Farewell To Sanity And Other Irrational Constructs
nytheatre.com q&a preview by Tom Slot
May 5, 2013
What is your job on this show?
Playwright / Director.
What is your show about?
Burnt-out psychologist Dr. Henley knows crazy, but when he’s confronted by the ghost of a whaling ship captain from 1863, he questions his own sanity as he embarks on an insane adventure that could cost him his license to practice, his sanity, and his life.
What type of theater do you like most to work on?
I’m really interested in character driven pieces that don’t shy away from showing our flaws. I gravitate towards the messy side of human interaction: the near misses, the strike outs, and the moments we are tripping over ourselves. We all want to connect with other people but the majority of times it’s our own insecurities and hang ups that prevent it from occurring. Often times we can’t get out of our own way long enough to get what we really want. I love exploring that dysfunction on stage: seeing what are the forces and moments that help us transcend our own limitations. There is usually a spiritual theme or undercurrent to the theater I’m drawn to as well.
Why do you do theater (as opposed to film, or TV, or something not in the entertainment field)?
There is nothing more powerful than the exchange of energy between actors and a live audience. It’s a cathartic experience that you can’t find in film or television. On the screen you can create amazing visual effects and be transported from one remote location to the next in a few seconds. It can be breathtaking, but there is also an inherent separation between actor and audience. When you are in the theater, breathing the same air as the performers, watching them go through the full range of human emotions, you are part of the performance. The connections and shared experience are much deeper as a result. It takes us back to our primal roots as story tellers. That’s what I love about theater.
Is there a particular moment in this show that you really love or look forward to? Without giving away surprises, what happens in that moment and why does it jazz you?
I’m incredibly lucky to have an extremely talented cast that brings this play alive. The show is filled with a mix of fun twists and humor that I can’t wait to share with the audience. There are some downright hilarious moments in the show, including an angry clown performing at a child’s birthday party, that I think will have the audience rolling in the aisles. However, the moment that I’m looking forward to the most is a dramatic monologue in the second act performed by Matt Golden. It’s a very moving moment in the play and Matt knocks it out of the park. It’s a breathtakingly honest moment about loss and regret. There’s a universality in the story he shares that I think we can all connect to. He’s had us in tears in rehearsals. I can’t wait to share it with the audience.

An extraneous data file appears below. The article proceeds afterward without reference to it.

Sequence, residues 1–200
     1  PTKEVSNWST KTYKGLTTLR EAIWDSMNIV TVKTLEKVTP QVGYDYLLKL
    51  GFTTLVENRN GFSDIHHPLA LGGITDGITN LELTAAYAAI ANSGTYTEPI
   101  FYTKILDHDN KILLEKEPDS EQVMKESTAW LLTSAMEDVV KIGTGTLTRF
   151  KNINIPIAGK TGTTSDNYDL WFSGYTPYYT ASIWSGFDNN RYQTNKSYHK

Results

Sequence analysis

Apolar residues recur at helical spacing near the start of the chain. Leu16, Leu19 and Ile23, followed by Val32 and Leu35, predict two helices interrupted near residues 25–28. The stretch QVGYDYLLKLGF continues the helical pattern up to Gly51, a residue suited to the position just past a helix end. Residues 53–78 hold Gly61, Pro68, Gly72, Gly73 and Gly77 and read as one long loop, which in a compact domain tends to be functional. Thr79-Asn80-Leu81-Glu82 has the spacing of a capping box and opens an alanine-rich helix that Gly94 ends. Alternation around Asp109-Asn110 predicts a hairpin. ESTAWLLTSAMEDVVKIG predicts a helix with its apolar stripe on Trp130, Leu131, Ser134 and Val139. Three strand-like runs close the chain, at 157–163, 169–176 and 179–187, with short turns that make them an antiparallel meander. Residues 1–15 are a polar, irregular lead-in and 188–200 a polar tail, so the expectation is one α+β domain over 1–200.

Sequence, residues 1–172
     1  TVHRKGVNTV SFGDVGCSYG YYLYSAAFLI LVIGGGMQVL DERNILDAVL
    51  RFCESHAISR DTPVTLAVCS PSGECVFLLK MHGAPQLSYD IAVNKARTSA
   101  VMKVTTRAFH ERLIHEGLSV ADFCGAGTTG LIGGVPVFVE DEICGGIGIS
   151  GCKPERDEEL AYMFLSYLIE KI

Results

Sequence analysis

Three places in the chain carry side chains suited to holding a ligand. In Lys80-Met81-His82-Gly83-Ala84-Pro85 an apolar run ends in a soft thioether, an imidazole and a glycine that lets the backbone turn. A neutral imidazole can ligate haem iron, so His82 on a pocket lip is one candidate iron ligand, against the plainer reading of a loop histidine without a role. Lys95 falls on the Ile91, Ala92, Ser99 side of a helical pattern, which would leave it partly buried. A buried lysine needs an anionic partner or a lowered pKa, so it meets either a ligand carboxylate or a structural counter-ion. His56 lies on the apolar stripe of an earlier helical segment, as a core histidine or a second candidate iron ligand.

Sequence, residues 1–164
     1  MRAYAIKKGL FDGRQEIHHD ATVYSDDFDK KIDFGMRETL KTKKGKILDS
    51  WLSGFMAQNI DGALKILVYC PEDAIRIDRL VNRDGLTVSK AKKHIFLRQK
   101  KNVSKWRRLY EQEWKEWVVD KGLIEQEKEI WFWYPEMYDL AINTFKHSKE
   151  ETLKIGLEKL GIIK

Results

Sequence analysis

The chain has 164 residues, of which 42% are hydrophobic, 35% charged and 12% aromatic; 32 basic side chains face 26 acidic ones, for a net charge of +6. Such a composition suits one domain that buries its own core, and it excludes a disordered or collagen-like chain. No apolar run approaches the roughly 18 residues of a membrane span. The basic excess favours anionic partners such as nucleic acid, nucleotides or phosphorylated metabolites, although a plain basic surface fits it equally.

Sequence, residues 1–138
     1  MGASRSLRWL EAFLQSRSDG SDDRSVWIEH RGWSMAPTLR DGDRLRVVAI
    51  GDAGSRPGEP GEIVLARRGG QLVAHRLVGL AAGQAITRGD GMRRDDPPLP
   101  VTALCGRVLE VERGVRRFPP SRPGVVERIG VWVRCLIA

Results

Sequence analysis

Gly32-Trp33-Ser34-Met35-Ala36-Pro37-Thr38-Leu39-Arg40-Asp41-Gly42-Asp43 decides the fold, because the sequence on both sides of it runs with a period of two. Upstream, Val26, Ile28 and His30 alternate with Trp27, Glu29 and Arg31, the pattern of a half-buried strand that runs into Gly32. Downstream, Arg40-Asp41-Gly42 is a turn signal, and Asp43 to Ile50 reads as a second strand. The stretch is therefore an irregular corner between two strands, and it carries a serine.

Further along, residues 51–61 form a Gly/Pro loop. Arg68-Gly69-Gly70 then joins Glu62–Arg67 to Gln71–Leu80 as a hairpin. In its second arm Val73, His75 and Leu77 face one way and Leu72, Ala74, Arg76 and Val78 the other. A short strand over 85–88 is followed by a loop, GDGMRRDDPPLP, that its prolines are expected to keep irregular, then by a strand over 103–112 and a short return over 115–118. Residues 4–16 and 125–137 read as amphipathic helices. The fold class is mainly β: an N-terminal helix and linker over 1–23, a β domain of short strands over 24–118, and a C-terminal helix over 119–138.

Which famous person would you most like to get a fan letter from: Denzel Washington, Maggie Smith, Ang Lee, Jennifer Lawrence?
It would be excited to get a letter from any of the four. Connecting with the audience and having your work appreciated is always an honor. However, the famous person I’d most love to get a fan letter from is either Robin Williams or Bill Murray. Both of them do fantastic work and are funny as hell. But as gifted as they are as comedians, their dramatic work is what really moves me. It doesn’t get much better than Lost in Translation or the bench scene in Good Will Hunting. Comedy can make you laugh for a minute or two, but drama can leave an impression on your soul. While I use a lot of humor in my shows, it’s the dramatic moments that are always the heart of the work.
If you had ten million dollars that you had to spend on theatrical endeavors, how would you use the money?
One of the hardest aspects of producing theater in New York City is the cost. There are so many wonderful theater companies, playwrights, and performers out there, but many of them struggle to share their work with the public because of the expense. If I had ten million dollars I would open a theater space in the city that allowed deserving artists to rehearse and perform their work at no cost. That way they wouldn’t have to worry about the business side of art and could just focus on sharing their voice with the community at large. It would also give artists a chance to meet and share ideas. Often times we do our work in isolation and don’t get to build a larger community with each other. Having a set space to work together in would help tear down some of those walls and allow us to connect and work together in more meaningful way. Imagine how much art could be created if you didn’t have to worry about renting space or how late the rehearsal studio is open. There is a wonderful theater company Elephant Run District who’s working towards bringing indie theater artists together. Chris Harcum and Aimee Todoroff are doing amazing work over there. With that kind of money and a set space to work in, we could truly create the kind of community they have been fostering.